Dabu printing



The lush earth , in an embrace with fabric, sprouts beautiful patterns. And the earth had it’s playful ways, in slowly letting out this secret, to the Rangrez.


It had clung onto his dhoti a day back at the riverside. He was deep in thought now, as he gathered the fabrics to be dyed.  The dhoti went along with the rest of the clothes, in the swift sweep of his hands and straight into the Indigo vat. He was surprised to find an odd-one-out the next day, amongst the dyed fabrics, left out to dry. The parts where the earth rested, the dye did not blot on. That part had retained the original colour, like stars in an indigo sky. This way, the earth confided a crumb of it’s mystery, to the Rangrez. And then on, they conversed in patterns.


This is one of the many stories of the origin of Dabu or Mud- resist printing. Like the craft, the raw materials too are timeless – mud and water. Replenished generously by nature, these are believed to have been employed in India, during 8th century AD. This is indicated by the oldest specimen found of Dabu printed fabric in Central Asia.

The prints popularly adorned the flowing Ghagras. These were the favored clothing of the women, locally called ‘Fetiya’ in Rajasthan. This was usually coupled with a Bandhej Lugda (a long fabric draped over the head).


Taking one long Dabu printed fabric with the preferred motifs of concerned community, Fetiya was made with just one line of stitching. It was crafted by joining the extreme ends of a 8-12 meter fabric (the length varied with the buyer’s interest).  The garment then beautifully enveloped Jat, Gadariya & Gujjar women.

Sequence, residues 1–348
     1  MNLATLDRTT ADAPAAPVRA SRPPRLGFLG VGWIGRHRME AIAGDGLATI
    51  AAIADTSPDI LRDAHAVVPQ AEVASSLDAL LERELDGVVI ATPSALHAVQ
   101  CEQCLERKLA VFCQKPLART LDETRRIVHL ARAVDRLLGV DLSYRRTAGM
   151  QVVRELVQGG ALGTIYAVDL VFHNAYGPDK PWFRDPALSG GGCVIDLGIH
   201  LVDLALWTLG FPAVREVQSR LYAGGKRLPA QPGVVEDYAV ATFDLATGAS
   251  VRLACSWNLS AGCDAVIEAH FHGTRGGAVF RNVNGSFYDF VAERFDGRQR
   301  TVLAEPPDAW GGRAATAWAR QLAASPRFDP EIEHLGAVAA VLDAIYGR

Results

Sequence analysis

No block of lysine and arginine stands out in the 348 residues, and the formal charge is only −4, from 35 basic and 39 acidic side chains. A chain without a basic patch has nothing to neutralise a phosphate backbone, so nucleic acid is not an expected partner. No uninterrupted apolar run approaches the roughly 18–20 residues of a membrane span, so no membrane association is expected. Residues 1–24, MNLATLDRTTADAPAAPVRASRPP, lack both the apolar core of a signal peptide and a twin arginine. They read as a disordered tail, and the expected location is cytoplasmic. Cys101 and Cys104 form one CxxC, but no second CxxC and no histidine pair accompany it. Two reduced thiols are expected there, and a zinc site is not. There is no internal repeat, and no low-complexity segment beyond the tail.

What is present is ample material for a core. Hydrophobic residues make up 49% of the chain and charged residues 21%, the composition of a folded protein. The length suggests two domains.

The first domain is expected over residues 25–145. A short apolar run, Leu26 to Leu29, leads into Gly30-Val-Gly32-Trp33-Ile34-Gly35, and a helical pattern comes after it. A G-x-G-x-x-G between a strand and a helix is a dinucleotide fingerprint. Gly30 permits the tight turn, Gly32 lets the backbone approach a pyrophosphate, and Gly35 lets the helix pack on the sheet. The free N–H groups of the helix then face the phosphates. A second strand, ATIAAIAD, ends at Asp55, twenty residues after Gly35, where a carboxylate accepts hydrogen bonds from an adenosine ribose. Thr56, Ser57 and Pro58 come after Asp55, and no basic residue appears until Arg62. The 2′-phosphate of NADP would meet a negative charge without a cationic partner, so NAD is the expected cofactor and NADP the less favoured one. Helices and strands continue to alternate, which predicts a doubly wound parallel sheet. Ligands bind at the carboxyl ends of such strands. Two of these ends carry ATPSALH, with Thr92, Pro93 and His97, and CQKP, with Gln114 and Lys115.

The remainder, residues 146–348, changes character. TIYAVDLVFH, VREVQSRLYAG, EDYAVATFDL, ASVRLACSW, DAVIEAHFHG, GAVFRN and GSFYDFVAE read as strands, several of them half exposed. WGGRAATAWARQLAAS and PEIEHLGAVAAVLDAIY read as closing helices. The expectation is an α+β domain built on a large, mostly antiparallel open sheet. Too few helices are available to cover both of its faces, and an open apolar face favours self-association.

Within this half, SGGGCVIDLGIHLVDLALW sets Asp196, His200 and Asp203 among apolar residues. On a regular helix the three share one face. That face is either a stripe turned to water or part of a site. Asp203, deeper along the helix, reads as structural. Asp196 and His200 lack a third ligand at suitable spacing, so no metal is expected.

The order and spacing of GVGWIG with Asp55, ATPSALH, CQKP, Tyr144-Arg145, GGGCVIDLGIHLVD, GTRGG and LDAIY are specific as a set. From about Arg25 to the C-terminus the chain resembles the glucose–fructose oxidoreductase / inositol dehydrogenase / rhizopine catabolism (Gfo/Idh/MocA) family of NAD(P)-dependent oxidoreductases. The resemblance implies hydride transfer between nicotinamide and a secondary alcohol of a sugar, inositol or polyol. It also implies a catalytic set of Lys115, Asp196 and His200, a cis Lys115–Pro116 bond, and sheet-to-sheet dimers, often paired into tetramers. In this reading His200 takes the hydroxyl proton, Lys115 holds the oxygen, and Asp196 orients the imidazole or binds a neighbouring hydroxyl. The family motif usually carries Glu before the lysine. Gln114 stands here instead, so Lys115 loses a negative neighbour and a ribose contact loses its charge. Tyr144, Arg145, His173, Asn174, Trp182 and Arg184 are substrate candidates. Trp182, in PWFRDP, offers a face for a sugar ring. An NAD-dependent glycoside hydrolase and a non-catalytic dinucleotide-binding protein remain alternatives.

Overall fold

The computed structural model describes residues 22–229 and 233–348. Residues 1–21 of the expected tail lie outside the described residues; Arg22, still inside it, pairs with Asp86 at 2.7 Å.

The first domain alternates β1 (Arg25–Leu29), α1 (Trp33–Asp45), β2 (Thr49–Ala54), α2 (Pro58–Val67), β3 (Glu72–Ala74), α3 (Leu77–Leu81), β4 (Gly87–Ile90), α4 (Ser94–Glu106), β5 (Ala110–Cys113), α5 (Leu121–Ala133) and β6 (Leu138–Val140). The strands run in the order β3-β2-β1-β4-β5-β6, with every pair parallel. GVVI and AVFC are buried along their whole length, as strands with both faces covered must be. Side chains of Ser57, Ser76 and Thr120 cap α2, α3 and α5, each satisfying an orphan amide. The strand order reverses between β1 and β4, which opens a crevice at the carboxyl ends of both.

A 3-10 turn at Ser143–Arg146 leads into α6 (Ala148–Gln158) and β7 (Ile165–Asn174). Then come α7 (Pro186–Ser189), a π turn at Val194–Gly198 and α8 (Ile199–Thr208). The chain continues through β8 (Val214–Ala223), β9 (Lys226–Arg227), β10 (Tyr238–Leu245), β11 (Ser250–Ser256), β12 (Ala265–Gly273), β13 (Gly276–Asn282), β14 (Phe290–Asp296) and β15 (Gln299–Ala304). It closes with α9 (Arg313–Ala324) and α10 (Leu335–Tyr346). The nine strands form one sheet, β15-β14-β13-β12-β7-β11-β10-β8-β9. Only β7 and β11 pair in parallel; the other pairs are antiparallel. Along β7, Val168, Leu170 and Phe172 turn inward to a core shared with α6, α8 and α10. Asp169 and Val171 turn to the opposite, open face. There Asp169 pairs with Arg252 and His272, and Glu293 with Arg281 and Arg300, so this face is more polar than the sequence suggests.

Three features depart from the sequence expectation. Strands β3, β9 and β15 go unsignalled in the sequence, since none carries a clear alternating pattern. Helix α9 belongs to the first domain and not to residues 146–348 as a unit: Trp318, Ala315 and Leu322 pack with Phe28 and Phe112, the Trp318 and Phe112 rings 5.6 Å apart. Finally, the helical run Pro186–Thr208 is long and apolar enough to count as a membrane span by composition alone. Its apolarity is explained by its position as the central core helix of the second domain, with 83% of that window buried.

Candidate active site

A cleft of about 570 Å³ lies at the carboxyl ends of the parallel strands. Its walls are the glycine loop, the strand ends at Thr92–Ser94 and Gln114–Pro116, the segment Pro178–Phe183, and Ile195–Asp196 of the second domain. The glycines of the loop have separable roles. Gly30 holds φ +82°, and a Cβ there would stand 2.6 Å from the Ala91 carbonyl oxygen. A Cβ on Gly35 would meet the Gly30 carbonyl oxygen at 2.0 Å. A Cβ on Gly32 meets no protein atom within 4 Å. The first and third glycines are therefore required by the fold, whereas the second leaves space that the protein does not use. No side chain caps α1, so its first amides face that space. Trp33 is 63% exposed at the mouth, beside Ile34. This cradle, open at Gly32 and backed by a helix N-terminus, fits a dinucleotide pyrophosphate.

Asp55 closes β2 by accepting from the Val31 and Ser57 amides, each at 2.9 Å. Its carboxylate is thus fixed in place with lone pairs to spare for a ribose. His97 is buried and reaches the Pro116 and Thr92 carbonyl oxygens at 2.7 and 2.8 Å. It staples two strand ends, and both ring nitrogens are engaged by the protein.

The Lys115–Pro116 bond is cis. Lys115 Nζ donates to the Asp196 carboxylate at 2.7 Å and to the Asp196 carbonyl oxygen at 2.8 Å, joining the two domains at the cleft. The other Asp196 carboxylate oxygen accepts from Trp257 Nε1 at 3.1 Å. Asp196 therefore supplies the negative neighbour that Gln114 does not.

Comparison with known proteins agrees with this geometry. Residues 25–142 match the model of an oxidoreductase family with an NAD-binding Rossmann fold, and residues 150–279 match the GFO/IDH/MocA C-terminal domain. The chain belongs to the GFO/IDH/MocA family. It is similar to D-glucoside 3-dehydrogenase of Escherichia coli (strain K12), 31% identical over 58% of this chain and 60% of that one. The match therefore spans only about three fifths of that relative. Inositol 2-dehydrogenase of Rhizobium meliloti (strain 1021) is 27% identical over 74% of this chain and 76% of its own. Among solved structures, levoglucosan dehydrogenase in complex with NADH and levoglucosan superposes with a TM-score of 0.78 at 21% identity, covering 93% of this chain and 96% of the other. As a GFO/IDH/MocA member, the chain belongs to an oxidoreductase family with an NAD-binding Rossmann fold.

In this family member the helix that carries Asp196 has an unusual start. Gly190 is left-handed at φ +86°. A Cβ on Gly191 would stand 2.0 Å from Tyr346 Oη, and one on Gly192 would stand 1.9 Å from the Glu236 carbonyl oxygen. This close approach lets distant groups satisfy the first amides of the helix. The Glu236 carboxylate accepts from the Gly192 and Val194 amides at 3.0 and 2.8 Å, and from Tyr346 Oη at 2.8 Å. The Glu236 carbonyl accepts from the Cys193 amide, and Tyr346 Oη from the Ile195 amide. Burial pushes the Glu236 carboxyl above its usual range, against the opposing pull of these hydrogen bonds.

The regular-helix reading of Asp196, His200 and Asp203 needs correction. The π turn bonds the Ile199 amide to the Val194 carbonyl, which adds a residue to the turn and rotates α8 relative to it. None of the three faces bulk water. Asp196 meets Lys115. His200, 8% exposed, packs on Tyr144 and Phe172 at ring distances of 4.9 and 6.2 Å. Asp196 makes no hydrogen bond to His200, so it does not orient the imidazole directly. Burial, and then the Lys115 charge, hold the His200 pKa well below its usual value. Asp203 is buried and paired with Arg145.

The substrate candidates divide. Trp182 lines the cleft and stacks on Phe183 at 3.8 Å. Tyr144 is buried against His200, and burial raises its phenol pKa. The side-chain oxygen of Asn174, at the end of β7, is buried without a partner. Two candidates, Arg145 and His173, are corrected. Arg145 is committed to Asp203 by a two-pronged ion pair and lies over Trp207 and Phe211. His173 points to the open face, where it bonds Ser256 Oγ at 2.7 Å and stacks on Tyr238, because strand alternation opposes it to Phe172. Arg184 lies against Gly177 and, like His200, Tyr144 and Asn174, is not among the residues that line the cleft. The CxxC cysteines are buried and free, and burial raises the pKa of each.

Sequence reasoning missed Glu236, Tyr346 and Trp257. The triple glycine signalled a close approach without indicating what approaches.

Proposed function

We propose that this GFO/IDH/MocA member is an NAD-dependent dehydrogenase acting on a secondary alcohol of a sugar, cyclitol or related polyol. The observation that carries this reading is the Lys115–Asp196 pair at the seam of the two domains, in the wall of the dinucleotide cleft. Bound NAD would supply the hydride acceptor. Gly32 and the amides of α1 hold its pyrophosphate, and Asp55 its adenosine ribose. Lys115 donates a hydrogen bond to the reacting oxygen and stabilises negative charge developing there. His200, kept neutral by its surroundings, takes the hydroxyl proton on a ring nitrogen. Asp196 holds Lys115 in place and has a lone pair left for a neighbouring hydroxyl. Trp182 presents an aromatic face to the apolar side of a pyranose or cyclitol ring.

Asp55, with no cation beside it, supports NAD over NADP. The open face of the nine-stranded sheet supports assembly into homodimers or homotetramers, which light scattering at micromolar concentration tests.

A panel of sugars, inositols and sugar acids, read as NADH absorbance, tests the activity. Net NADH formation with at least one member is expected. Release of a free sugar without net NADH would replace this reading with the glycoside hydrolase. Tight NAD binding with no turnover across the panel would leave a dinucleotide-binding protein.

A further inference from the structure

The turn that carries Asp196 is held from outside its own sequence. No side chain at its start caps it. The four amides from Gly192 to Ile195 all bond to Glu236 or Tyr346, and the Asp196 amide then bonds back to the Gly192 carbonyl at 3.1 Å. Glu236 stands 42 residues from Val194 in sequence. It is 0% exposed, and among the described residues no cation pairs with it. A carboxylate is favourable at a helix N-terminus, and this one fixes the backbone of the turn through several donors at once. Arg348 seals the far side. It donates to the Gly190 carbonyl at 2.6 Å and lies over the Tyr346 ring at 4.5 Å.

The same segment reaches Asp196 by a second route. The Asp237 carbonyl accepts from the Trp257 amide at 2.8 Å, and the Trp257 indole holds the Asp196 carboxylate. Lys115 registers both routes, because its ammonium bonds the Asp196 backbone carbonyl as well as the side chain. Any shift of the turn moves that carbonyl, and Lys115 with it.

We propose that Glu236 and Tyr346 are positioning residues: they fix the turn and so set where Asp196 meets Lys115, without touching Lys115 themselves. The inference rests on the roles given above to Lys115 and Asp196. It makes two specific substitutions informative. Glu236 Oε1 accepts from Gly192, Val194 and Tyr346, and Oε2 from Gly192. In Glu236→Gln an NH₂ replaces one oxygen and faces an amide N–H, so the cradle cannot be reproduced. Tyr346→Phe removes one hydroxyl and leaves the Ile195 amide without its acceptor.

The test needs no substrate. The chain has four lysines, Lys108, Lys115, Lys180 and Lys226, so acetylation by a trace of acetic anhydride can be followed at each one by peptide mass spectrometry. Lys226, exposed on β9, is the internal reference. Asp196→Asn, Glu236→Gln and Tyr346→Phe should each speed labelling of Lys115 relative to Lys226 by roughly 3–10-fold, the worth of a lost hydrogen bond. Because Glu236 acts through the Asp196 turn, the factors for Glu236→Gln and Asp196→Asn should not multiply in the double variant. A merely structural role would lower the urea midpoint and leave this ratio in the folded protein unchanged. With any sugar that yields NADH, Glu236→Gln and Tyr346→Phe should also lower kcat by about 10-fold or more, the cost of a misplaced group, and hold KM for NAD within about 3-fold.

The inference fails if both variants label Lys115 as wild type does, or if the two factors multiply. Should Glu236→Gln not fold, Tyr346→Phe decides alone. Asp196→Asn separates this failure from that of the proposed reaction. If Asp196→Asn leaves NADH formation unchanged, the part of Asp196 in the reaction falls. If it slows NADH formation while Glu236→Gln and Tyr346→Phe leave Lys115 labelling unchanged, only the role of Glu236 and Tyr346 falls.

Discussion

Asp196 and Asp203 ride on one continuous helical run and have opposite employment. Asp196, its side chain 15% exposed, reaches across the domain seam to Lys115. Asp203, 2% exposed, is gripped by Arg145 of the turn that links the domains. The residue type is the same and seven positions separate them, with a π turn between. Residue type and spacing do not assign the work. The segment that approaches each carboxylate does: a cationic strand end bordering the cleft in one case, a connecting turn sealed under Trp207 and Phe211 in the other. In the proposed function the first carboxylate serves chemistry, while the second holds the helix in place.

The patterns are traditional, handed down intact, over generations. The motifs are picked from nature and surrounding elements, and then crafted onto wooden blocks. Popular ones are Kahma, Lal titri, Dholika, Kantedar. The craftsmen dip the blocks into a viscous paste of mud, gum and lime. The method gets it’s name from the word ‘dabaana’ , meaning ‘to press’.


Earlier, Rajasthan province was  densely peppered with Dabu printing clusters. Now, very few remain to live the legacy. One of the few clusters is the Akola village, which thrives solely on the fabric demands of neighboring villages. The colors of the sky – blue of the day, indigo of the night, red of the sunsets – are mostly seen in the regional attire. The village is a self sufficient system for Dabu printing. Block carvers sculpt the blocks, the earth lends mud and the river bestows water. The fabrics are sourced from Kishangarh and pigments come from Udaipur.


Their craft speaks of skill and years of experience, as the craftsmen swiftly pattern the clothes. The application of resist and dye are done several times, painstakingly with great artistry, to get various shades of ground and motif color. As time passed, Alizarin pigment used to impart red color was replaced by Naphthol and the craftsmen began to use tar instead of mud in case of designs which require sharper contrasts.


As told by Master craftsman Gopal Bhai, the native craftsmen known as Chippas, specialize in block printing. Few hundred years ago, Rani Rathorji of Mewar, established a village by the banks of Beduch river for them. Today around 200 people practice this craft in this quaint village.


Like the essence of earth, Dabu prints remain the primeval printing method. The prints are now popularly known as Akola Dabu prints. And like the  patterns , these fabrics are deeply embedded in the cultural identities of various Rajasthani communities. The forms in which these fabrics are worn are changing with time, organizations like Aavaran and COS-V are giving new direction to this unique craft,  yet the soul of the craft is carried forward, untampered, by the motifs and hues. Stories of the earth and dye, rest safely in hands of the craftsmen. Do you hear them?